Yeah, ya’ll have to know: best to meet via the internet these days due to COVID. I downloaded Zoom on my laptop and the home computer just before the first one we attended with Music City Brewers: a version of what we used to call Thirsty Thursday.Thirsty Thursday tends to be a little chaotic anyway, so that wasn’t a surpise. The net made it a little worse, but not much.
It’s still a good idea even if it’s the more social gatherings people used to have way, way, WAY back in time. You know a month, more or less?
I’ve already found a microphone, now I have to find a camera for the home PC. I swore it had one. These days it’s no humongous surprise that stores are sold out. Onward to the net.
I felt Zoom shined the next day during this month’s regular meeting for Clarksville Carboys, Clarksville, TN. Meetings for various clubs that have become irregular due to COVID. I liked the fact I discovered a section where we could type in comments as the meeting rolled on, raise a hand if you want to speak and other features. I really like it that members can be muted making a meeting orderly. I usually find it annoying that at the many meetings I’ve been to, for various clubs, too often there are at least two people blathering a little too loudly in the background. Can’t say I’ve NEVER been the guilty party, but usually not.
It makes for an orderly meeting AND side conversation that can be paid attention to… or not. Bet some spouses wish they had that feature. I’m typing this VERY QUIETLY so Millie doesn’t hear. Uh, oh… I think she did. What am I typing, dear? Why nothing at all. NOTHING.
We had a beer we were all supposed to pick up from The Star Spangled Brewing Co., as directed by fellow brew club member Allen Duvall who is now the brewer at Star Spangled. We were impressed: everything we tried there was good. The beer we were to pick up was an American Pils, Allen said from the 2008 Guidelines. We all talked about it. It reminded me of a Pre-Prohibition Lager: maltier, firm bitter… I could almost become a lager convert. Almost. Sorry I prefer my hint of ale yeast driven fruit to hint of lager yeast driven sulfur. That’s just me, and I’ve had plenty of ales with an imperceptible fruit sense. And plenty of lagers with an imperceptible sulfur sense. This was one of them, though I’d have to try it again to be sure.
First Andy Howell covered the usual club business, and then Allen Duvall went into depth about his job at Star Spangled, the American Pils, the process by which he arrived at his recipe for the Pils, and planning recipes at the brewery in general. Fascinating.
Eventually we had general conversation, which included a few member’s pets. Jackie Lawrence’s border collie-like dog kept popping onto the screen to socialize with us and for mistress lickings. I swear Payson: collie in the rough, was jealous and jumped up on his master then lick, lick, lick. Point being we get to see each other in our natural environments, with the added plus you can alter the background if you wish.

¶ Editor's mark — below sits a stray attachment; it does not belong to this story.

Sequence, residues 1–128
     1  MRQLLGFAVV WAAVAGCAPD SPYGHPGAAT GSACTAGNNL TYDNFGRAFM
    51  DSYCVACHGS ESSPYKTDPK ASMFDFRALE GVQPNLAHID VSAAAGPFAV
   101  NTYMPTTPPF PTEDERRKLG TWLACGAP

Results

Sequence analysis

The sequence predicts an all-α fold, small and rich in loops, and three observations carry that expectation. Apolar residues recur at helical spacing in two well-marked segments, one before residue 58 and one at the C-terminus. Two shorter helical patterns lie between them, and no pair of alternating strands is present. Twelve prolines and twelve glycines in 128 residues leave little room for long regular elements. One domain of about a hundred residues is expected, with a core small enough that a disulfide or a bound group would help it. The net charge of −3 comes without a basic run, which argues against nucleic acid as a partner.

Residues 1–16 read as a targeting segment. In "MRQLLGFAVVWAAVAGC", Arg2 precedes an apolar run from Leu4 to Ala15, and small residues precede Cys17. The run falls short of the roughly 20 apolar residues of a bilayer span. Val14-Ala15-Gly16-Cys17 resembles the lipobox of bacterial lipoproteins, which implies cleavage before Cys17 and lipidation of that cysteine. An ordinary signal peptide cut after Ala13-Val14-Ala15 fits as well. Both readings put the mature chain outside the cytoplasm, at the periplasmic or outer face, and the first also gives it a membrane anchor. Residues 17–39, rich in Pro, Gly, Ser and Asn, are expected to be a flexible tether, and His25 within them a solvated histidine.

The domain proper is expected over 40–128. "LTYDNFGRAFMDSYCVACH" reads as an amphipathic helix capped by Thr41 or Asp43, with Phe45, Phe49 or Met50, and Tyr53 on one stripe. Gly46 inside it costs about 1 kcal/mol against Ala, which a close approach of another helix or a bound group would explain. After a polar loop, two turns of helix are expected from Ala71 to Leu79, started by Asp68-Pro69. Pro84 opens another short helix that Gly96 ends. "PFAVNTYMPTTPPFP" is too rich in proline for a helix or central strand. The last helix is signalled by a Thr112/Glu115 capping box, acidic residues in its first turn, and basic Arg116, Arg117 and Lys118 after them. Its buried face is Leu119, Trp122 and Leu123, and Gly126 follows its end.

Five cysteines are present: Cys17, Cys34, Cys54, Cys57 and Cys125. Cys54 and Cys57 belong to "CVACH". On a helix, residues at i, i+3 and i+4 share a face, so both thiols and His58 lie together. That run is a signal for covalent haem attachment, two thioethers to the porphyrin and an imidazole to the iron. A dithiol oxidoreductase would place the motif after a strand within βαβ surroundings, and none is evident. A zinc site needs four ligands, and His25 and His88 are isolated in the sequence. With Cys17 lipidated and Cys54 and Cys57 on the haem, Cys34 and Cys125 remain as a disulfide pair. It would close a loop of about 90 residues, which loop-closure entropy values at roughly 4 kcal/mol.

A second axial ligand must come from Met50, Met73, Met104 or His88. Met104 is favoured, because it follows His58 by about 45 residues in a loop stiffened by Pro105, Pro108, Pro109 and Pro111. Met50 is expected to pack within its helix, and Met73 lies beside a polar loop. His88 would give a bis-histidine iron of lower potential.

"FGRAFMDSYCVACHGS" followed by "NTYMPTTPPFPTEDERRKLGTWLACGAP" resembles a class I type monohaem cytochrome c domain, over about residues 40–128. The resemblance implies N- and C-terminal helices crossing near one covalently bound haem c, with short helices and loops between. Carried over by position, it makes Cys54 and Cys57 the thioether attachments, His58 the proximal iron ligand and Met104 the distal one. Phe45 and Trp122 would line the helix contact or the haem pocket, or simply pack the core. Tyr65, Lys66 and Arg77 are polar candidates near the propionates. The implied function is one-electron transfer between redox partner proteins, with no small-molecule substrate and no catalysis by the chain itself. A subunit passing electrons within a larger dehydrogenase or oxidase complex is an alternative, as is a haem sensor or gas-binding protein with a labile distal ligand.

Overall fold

Spreadsheets and lists can also be placed on screen so all can see immediately. That’s not normally a meeting option without projection or passing out sheets. Yes!
Not sure what others were sipping, but after the Pils we had Dogfish 120 (LOVE it) and a NOLA/Terrapin collaboration: barreled stout with lactose. Like too many lactose beers, to both of us, there was almost no base beer and absolutely no barrel. Sigh.
In the end there are a lot of advantages, and perhaps the biggest was after a growler of the Pils, 120 and a big bottle of lactose soup, we didn’t have to go anywhere. We just shut down the web and continued our War of the Roses game that we have been playing since we met in 74. I found Millie’s bear trap in the bathroom, but I just checked and the trip wire I laid in the bedroom is still there. I typed that VERY QUIETLY so Millie didn’t hear. Uh, oh… I think she did. What am I typing, dear? Why nothing. Nothing at all.
Zoom meetings? Thumbs up from us.
A Beer Judge’s Diary is one of many columns by Ken Carman, Certified BJCP beer judge, homebrewer since 1979 and seeker of both simple and complex quaffs who once upon a time thought he didn’t care all that much for beer. Then he discovered brews beyond the standard fare’ available on the east coast in the 60s. Thus the adventure began.
Ken Carman and Cartenual Productions
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